Students from southern Oregon small schools presented a panel on their small high school experiences. The concluding forum was presented by Duncan Wyse, Executive Director of E3, Barbara Gibbs of Meyer Memorial Trust, and Linda Nathan on the importance and challenges of moving forward with positive school change on the state and national level. All were inspirational!
As the 2010-2011 school year begins in earnest, parents and students have probably noticed a few things. Students probably have larger classes or maybe fewer class offerings. Parents are noticing the shortened school year and feeling the more urgent need for volunteers. Most likely they’ve had to dig a little deeper to pay activity fees for school sports or to take that field trip to the beach.
A quick search of the Oregon Live website found over 147 items posted on our schools and the budget cuts in the last two weeks – over 21 postings a day. But the fact is that most Oregonians don’t know much about their district’s budget or where the dollars go, which makes it difficult to know what it really means for the school down the street when reading an article about cuts to a K-12 budget of over $5 billion.
The Open Books Project, an easy-to-use website with information on state and district-level finances, student achievement, and student and teacher demographics, is designed to help Oregonians learn more about the budgets, graduation rates, and student-teacher ratios in their school district and districts across the state.
Last week, Open Books added a section that offers a deeper look at five Oregon school districts, how they’ve been affected by budget cuts and what they are doing to hold their students as harmless as possible in the coming year. Beaverton, Eugene, Salem, Sherwood, and Springfield school districts answered the following questions:
- Are you cutting any full-time employees (FTEs)? If so, how many?
- What is your average class size for the coming year and how does that compare to the last school year or your historical average?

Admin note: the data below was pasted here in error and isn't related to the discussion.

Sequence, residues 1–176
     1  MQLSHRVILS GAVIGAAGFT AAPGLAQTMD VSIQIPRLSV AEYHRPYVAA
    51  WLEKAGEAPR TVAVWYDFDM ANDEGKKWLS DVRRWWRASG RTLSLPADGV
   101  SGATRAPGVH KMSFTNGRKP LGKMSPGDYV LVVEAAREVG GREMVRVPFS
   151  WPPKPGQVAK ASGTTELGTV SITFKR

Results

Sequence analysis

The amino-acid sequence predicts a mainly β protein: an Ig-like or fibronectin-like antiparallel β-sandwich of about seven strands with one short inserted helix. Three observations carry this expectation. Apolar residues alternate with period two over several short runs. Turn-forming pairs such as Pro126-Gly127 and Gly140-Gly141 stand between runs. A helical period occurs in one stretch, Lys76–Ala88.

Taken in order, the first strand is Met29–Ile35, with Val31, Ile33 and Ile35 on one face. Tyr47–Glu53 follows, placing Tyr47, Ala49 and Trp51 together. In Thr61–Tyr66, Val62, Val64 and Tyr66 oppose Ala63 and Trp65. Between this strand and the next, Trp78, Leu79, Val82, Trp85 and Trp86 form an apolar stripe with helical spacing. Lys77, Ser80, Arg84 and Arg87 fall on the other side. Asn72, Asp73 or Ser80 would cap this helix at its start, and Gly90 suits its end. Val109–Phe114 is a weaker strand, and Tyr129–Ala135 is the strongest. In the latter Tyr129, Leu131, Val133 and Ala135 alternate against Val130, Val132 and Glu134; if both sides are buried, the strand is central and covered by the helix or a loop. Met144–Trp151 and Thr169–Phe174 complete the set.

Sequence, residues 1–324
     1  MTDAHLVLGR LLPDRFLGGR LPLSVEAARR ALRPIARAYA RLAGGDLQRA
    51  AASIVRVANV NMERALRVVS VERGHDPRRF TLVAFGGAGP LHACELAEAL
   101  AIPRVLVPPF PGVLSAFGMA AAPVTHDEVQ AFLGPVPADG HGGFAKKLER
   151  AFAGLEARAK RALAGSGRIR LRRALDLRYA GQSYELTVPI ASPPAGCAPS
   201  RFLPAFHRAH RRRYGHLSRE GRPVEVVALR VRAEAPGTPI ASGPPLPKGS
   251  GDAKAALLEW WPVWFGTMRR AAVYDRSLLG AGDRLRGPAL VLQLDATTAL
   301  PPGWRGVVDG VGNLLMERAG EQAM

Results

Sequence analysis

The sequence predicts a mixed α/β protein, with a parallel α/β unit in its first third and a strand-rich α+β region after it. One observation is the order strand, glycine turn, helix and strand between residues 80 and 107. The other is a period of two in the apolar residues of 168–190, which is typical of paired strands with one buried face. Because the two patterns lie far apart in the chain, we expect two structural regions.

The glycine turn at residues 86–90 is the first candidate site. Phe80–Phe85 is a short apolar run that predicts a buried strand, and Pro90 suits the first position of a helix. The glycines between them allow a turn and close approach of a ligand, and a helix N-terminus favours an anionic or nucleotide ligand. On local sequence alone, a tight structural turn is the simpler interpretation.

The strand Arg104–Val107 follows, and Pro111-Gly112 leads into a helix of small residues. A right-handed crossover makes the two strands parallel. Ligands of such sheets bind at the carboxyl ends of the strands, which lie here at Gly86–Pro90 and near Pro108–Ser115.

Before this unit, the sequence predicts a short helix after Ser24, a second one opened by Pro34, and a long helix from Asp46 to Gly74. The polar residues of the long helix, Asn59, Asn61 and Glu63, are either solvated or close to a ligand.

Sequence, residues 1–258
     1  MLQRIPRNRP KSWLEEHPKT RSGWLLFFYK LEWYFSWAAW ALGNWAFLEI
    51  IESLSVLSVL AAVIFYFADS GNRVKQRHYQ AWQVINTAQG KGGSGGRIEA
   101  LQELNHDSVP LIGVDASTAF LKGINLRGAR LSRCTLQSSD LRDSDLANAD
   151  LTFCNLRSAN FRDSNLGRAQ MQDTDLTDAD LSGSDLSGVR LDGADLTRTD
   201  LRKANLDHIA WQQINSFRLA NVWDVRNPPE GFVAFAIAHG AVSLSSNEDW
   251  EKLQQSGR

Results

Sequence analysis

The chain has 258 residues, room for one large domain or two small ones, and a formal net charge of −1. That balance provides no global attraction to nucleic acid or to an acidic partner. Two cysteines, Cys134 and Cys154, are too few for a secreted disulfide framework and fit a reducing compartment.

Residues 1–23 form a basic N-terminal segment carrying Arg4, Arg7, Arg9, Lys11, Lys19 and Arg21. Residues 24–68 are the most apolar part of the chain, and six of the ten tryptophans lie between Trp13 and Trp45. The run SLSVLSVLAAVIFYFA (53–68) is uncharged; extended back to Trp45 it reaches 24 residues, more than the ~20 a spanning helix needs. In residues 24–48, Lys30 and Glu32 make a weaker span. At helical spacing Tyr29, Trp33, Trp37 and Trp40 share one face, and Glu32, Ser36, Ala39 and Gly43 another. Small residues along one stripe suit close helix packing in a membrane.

- Has collective bargaining been affected for 2010-11 school year?
- Are you using any type of reserve in your 2010-11 budget?
- What measures has the district taken to meet the needs of the students? Tell us your story in a few sentences.
Visit www.openbooksproject.org to find out more and encourage your district to share their story with us.
The release of the latest economic forecast nearly two weeks ago has brought back mixed feelings. While we all share in a sense of despair, knowing the depth of hardship experienced by many current Oregonians in all walks of life, I am reliving some of the emotions I felt during our last statewide crisis.
In the late summer of 2003, I was the principal of West Albany High School. At that time, I was tasked with reducing seven teaching positions, while our enrollment increased by more than eighty students.
The loss of seven positions meant the elimination of forty-two class period offerings for our 1250 students. Reductions hit administrative and classified ranks as well. As a large professional team, we hunkered down and did the best we could. As one would expect, it was an incredibly tough school year.
Looking back, I am still awed by the collective shared resolve of our professional staff. I am still proud of our students and their resilience. We recognized we were in a difficult journey together, and we survived. While the quality of the educational experience was greatly diminished, I am convinced we strengthened relationships.